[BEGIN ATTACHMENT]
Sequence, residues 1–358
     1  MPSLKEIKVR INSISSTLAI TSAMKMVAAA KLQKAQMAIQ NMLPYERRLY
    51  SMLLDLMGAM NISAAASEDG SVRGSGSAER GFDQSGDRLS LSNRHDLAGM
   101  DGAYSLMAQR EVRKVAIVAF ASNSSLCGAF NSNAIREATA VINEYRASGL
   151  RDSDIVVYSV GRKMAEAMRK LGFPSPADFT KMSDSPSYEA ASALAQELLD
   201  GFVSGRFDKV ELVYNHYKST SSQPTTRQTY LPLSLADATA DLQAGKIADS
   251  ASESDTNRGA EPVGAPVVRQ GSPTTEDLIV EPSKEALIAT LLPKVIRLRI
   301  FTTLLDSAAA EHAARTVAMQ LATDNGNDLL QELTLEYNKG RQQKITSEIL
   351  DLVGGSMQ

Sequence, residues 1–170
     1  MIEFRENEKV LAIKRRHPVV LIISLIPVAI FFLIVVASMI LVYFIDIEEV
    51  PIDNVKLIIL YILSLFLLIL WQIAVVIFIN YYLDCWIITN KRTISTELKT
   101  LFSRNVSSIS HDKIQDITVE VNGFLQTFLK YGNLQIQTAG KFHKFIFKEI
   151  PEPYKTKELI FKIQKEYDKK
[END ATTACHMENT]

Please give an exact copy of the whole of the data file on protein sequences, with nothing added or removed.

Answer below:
Sequence, residues 1–358
     1  MPSLKEIKVR INSISSTLAI TSAMKMVAAA KLQKAQMAIQ NMLPYERRLY
    51  SMLLDLMGAM NISAAASEDG SVRGSGSAER GFDQSGDRLS LSNRHDLAGM
   101  DGAYSLMAQR EVRKVAIVAF ASNSSLCGAF NSNAIREATA VINEYRASGL
   151  RDSDIVVYSV GRKMAEAMRK LGFPSPADFT KMSDSPSYEA ASALAQELLD
   201  GFVSGRFDKV ELVYNHYKST SSQPTTRQTY LPLSLADATA DLQAGKIADS
   251  ASESDTNRGA EPVGAPVVRQ GSPTTEDLIV EPSKEALIAT LLPKVIRLRI
   301  FTTLLDSAAA EHAARTVAMQ LATDNGNDLL QELTLEYNKG RQQKITSEIL
   351  DLVGGSMQ

Sequence, residues 1–170
     1  MIEFRENEKV LAIKRRHPVV LIISLIPVAI FFLIVVASMI LVYFIDIEEV
    51  PIDNVKLIIL YILSLFLLIL WQIAVVIFIN YYLDCWIITN KRTISTELKT
   101  LFSRNVSSIS HDKIQDITVE VNGFLQTFLK YGNLQIQTAG KFHKFIFKEI
   151  PEPYKTKELI FKIQKEYDKK